Herbs and spices to support your health

What are they

Herbs are... usually leaves and stems and more of a ‘seasoning’.
Spices are... usually derived from bark and are more of a key ingredient within a dish.

As well as adding flavour and taste to foods, herbs and spices can help with stress, poor digestion, inflammation, circulation and immunity problems and many more. They are used in other parts of the world as the main (and sometimes only) medicine.

In this article, I'm going to focus on herbs and spices to support digestion and reduce inflammation.

Herbs and spices to support digestion

Good digestion is essential for the body to function properly. Signs that it is out of balance include irregular or loose bowel movements, excessive wind, aches, acid reflux and bloating.

Try... ginger, basil, mint, cinnamon, coriander, cumin, dill, horseradish, thyme, black pepper and nutmeg.

Herbs and spices to reduce inflammation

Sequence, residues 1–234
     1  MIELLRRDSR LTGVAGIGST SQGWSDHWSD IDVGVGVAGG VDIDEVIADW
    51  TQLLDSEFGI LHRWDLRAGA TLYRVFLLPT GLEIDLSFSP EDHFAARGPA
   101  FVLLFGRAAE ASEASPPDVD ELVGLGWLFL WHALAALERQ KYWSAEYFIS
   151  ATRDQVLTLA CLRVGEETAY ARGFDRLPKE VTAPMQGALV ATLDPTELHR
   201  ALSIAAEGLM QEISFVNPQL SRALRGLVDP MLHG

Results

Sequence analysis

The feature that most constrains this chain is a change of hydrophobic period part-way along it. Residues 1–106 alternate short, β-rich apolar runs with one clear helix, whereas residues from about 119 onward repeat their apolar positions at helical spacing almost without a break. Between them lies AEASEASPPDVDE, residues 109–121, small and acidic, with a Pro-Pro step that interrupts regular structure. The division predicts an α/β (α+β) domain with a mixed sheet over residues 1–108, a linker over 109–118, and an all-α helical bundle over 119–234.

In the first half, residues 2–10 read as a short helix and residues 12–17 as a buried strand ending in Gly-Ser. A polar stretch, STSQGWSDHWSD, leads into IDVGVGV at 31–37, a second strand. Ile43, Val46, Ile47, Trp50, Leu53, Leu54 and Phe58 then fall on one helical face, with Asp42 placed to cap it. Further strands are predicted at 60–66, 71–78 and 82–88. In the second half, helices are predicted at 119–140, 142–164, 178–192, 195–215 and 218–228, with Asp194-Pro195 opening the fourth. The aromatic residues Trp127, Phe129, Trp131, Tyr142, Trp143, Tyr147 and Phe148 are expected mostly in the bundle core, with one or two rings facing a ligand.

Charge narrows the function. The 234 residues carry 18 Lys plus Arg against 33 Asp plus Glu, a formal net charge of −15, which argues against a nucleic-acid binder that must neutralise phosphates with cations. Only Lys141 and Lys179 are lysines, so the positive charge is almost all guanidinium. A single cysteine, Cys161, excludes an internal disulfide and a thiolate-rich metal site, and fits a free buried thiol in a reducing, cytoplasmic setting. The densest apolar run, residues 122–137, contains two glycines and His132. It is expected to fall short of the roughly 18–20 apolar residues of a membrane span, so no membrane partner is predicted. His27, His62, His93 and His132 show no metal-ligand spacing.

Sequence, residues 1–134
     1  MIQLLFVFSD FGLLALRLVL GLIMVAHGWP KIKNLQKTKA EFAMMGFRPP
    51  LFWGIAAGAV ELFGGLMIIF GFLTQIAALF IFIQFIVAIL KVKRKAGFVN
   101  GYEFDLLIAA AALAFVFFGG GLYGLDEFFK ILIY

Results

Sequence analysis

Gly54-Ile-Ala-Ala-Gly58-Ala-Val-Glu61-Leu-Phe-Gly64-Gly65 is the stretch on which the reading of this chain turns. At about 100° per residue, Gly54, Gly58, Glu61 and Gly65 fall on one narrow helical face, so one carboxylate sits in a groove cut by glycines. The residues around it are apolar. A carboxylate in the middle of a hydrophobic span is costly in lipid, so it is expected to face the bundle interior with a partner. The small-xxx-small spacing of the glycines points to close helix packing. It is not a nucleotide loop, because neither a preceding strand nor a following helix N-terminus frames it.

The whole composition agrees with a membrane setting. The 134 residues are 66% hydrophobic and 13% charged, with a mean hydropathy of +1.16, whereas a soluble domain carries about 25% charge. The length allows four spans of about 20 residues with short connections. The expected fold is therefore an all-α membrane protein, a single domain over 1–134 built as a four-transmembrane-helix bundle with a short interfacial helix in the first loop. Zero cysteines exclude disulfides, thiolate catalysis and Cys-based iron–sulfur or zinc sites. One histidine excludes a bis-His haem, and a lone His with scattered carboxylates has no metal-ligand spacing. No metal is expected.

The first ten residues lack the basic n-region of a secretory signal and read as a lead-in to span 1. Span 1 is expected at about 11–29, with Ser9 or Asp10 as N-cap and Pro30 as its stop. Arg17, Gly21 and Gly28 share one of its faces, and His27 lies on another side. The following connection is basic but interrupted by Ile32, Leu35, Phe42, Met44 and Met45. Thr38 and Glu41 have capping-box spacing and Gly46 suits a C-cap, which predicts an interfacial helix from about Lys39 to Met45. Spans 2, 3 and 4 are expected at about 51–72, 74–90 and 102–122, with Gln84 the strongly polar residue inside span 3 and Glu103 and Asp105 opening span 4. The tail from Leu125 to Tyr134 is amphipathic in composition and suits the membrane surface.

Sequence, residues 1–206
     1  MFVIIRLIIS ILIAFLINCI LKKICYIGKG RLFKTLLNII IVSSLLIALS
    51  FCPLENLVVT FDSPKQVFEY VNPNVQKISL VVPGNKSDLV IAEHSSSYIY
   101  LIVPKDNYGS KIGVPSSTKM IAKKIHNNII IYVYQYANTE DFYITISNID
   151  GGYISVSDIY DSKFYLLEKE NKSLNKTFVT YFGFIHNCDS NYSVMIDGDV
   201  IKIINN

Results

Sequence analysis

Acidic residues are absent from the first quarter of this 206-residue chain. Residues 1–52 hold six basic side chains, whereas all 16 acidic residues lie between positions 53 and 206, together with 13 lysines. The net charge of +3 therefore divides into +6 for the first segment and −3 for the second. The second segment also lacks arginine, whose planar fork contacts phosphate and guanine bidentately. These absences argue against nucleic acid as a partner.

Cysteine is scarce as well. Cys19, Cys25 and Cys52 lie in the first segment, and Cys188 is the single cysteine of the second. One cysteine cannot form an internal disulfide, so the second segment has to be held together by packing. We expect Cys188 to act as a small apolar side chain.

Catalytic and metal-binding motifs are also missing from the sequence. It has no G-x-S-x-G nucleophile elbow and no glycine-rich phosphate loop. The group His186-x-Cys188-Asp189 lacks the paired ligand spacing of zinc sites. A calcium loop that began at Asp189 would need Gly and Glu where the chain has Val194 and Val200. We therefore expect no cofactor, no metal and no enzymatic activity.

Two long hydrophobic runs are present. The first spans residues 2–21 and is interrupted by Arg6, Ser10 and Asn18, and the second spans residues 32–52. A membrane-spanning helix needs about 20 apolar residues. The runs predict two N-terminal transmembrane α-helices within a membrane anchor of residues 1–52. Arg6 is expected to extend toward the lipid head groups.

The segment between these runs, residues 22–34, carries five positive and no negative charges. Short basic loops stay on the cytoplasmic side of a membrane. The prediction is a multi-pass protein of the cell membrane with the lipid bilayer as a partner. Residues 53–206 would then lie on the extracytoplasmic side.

Inflammation is a natural and necessary response in the body. When there is an imbalance leading to too much inflammation, this can contribute to various health problems such as inflammatory skin disorders like eczema, heart problems, depression, pain (such as arthritis), inflammatory bowel disease and many more.

Try... turmeric, ginger and black pepper.

Ideas for using them

Maybe you already use some in your cooking? Such as basil with tomatoes or some dill with fish.

The pukka teas are great for their use of herbs and spices. They are now found in most supermarkets as well as health food shops and online. They are a great alternative to black tea.

The Schwartz website contains lots of ideas and recipes for using them to add flavour to dishes.

A traditional curry contains many spices. Want to make a healthier curry? Use a vegetable oil for frying, use chicken, fish or lentils rather than red meat and add lots of vegetables.

The book - cooking with Herbs and Spices: The Complete Guide to Aromatic Ingredients and How to Use them is a great introduction with lots of lovely recipes.

Nutritionist Resource is not responsible for the articles published by members. The views expressed are those of the member who wrote the article.

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Written by a listed nutritionist

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